[OPE-L:5754] Re: Re: the infinite quantity of logically plausible social theories theorem (IQLPSTT)

From: Steve Keen (s.keen@uws.edu.au)
Date: Sat Jun 02 2001 - 21:48:31 EDT

Walrasian theory isn't logically consistent Gerry: ever since Gorman 
(1953!) showed that general equilibrium depends upon all consumers having 
parallel linear Engels curves, logical consistency in the Walrasian scheme 
went out the window. What's general about general equilibrium when it is 
only valid for a single consumer and a single commodity?

There are *many* other logical conundrums in the theory--I couldn't have 
written a 350 page book on it if there weren't!

So Blaug's comment is an additional reason--even if it were logically 
coherent, it still ain't relevant to our world. But it's not logically 

At 11:20 AM 6/3/01 Sunday, you wrote:
>Re Andy's [5750]:
> > Re the notion of 'infinite logically plausible
> > theories': What do you  mean by 'logically
> > plausible'? This is a very curious phrase.
>Hi Andy.
>I agree it's a curious and awkward phrase. What
>I meant was a set of possible social theories which
>(to use expressions you also used earlier in your
>post) have the sole common characteristic that
>they are all 'logically coherent' when considered
>'by the standards of analytical logic'.
>Note that there is no requirement for the 'logically
>plausible social theories' to have any relevance to
>the contemporary real world  for the species homo
>sapiens on the planet of Earth. I would include in
>this set Walrasian theory which is 'internally
>consistent' in its own terms but (as Steve K might
>say) is 'bunk' because its characteristics are of
>some hypothetical economy which bears no
>necessary relation to a specifically capitalist
>economy. Thus no matter how 'logical' it is, it
>is essentially 'humbug' (or perhaps more
>generously, bad science fiction.)  Other
>logically coherent social theories could be
>developed for the "Planet of the Air Eaters"
>where the 'worker' humanoids live on air!
>While these theories also can be logically
>coherent theories, these defining characteristics
>mean that they can not then be applied to a
>completely different social structure (e.g. the
>capitalist mode of production on the planet
>The important point is that *no matter how
>internally consistent a social theory is*,  it must
>still pass (from a materialist perspective) a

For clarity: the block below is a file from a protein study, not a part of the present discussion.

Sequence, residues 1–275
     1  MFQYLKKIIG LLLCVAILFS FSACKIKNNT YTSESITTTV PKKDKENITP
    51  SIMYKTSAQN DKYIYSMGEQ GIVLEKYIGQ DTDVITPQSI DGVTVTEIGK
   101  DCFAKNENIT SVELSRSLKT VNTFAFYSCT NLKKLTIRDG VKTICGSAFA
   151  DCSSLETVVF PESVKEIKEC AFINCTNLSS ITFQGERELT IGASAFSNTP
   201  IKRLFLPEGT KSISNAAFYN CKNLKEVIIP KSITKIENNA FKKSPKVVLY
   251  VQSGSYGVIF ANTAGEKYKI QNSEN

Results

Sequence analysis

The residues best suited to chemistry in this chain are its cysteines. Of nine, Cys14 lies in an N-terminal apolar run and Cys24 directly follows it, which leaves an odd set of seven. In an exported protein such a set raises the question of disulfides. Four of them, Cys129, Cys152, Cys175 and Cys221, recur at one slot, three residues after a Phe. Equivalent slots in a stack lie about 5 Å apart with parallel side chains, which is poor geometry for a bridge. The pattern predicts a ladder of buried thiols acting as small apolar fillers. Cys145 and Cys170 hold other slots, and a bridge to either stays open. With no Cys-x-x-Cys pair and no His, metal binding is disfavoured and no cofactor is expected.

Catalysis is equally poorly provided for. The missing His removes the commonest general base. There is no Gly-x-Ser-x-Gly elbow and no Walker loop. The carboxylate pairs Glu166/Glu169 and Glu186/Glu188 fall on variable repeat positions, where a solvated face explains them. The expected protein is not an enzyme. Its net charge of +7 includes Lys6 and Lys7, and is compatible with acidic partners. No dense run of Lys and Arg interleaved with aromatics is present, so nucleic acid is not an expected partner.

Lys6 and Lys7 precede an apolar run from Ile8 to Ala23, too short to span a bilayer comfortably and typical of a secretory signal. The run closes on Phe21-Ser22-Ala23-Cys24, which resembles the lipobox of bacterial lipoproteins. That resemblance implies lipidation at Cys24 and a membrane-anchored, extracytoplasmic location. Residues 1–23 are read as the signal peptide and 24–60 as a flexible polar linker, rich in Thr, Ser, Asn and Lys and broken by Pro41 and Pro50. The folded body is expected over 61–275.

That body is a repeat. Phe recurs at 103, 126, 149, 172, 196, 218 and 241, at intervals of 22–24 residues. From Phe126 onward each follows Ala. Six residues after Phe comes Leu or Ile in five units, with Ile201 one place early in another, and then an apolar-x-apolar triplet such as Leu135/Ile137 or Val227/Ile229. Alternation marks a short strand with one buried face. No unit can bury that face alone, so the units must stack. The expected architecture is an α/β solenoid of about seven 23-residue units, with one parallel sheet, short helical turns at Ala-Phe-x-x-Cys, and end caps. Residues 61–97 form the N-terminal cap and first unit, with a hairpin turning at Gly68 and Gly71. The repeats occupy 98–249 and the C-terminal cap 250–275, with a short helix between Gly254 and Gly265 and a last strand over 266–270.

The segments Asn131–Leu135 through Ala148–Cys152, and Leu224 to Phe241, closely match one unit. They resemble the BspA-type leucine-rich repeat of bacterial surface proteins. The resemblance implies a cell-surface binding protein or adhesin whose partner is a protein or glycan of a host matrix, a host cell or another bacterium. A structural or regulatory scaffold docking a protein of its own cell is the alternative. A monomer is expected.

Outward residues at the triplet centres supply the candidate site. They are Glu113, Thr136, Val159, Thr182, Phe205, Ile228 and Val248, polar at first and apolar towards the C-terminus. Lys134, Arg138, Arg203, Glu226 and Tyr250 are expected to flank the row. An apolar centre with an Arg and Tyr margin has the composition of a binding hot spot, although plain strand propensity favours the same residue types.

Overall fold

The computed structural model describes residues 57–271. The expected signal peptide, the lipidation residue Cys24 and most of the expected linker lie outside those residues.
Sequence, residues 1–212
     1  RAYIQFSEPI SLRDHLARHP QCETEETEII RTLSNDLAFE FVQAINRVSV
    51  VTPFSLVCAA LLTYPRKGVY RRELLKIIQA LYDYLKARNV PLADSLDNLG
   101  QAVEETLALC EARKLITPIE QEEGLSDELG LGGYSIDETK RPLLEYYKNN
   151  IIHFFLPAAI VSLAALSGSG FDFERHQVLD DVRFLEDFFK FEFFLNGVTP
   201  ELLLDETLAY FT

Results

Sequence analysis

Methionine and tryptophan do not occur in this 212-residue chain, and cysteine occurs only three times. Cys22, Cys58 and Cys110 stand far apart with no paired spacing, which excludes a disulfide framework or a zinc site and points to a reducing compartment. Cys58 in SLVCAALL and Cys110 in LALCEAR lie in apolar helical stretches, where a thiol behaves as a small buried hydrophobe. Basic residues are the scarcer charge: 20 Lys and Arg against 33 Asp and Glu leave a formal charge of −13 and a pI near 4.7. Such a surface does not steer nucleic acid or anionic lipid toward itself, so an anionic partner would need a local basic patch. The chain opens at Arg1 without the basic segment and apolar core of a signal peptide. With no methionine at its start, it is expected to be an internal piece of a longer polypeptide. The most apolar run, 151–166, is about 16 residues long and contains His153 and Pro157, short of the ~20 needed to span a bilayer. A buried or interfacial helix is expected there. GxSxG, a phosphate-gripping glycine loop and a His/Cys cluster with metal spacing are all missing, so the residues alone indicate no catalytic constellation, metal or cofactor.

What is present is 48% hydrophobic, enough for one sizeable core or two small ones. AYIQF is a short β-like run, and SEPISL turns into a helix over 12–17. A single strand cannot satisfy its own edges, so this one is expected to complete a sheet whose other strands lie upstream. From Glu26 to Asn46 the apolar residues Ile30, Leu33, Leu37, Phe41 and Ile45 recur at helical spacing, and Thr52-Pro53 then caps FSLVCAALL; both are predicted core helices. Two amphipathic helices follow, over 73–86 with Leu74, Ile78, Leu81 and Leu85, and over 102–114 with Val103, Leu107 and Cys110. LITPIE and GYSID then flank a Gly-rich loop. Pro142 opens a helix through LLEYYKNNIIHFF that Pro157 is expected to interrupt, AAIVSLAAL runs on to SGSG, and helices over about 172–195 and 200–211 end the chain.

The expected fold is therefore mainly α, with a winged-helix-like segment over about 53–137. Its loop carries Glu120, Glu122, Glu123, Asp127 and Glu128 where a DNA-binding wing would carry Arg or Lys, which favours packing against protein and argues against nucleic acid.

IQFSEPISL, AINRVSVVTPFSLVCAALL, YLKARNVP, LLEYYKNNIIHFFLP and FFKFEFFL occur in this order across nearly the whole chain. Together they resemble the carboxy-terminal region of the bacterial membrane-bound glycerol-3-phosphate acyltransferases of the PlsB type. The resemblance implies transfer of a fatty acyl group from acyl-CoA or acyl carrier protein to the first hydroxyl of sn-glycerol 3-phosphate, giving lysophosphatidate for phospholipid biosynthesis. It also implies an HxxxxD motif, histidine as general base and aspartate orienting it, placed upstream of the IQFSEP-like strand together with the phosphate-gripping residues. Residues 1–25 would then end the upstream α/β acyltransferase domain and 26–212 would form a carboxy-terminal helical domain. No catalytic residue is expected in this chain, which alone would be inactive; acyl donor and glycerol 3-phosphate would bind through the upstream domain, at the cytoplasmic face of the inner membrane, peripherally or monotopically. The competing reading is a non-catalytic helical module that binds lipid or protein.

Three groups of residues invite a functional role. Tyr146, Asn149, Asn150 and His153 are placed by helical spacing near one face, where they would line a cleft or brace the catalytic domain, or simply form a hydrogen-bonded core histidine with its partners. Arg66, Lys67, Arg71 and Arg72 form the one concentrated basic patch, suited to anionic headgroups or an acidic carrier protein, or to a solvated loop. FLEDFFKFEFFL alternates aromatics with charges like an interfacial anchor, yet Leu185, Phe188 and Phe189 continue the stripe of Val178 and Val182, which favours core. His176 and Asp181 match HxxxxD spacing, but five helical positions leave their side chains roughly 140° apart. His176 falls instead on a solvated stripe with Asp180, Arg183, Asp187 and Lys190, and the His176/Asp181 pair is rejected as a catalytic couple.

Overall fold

>"relevancy test".  _One_ "relevancy test", if the
>object is to comprehend capitalism as a
>historically specific mode of production,  has
>to do with the *SPECIFICATION* of the
>theory.  If, for example, essential, defining
>characteristics of this mode of production are
>not specified as internal characteristics of the
>theory, then it must be *rejected* no matter how
>'logically consistent' it is. E.g. if a theory which
>purports to be descriptive of capitalism has no
>classes, then this constitutes a sufficient reason
>for its rejection. (Actually, I think that Blaug
>was making a similar point in the sharp critique of
>neo-neo-classical theory that Steve K reproduced
>in  5740.)  The Marxian conception of truth,
>therefore, as Alejandro VB I   believe correctly
>points out  in [5749] is practice (this is, after all, a
>consequence of a materialist interpretation of
> > Re discussing more concrete things: What you
> > say is fair enough
> > but I think the reason that abstract issues (eg
> > TP) are discussed is
> > because they have massive implications for more > concrete work.
>They _might_ have important ('massive')
>implications for analyzing more concrete subjects,
>but I don't think that there is much (any?)
>evidence to show that that is 'the reason' these
>abstract issues are discussed at length.
>In solidarity, Jerry
>PS: thanks to Gary, Allin, Steve K, Rakesh
>(and others off-list) who have wished me (a
>somewhat premature) 'Bon Voyage'.

Home Page: http://www.debunking-economics.com
Dr. Steve Keen
Senior Lecturer
Economics & Finance
Campbelltown, Building 11 Room 30,
School of Economics and Finance
s.keen@uws.edu.au 61 2 4620-3016 Fax 61 2 4626-6683
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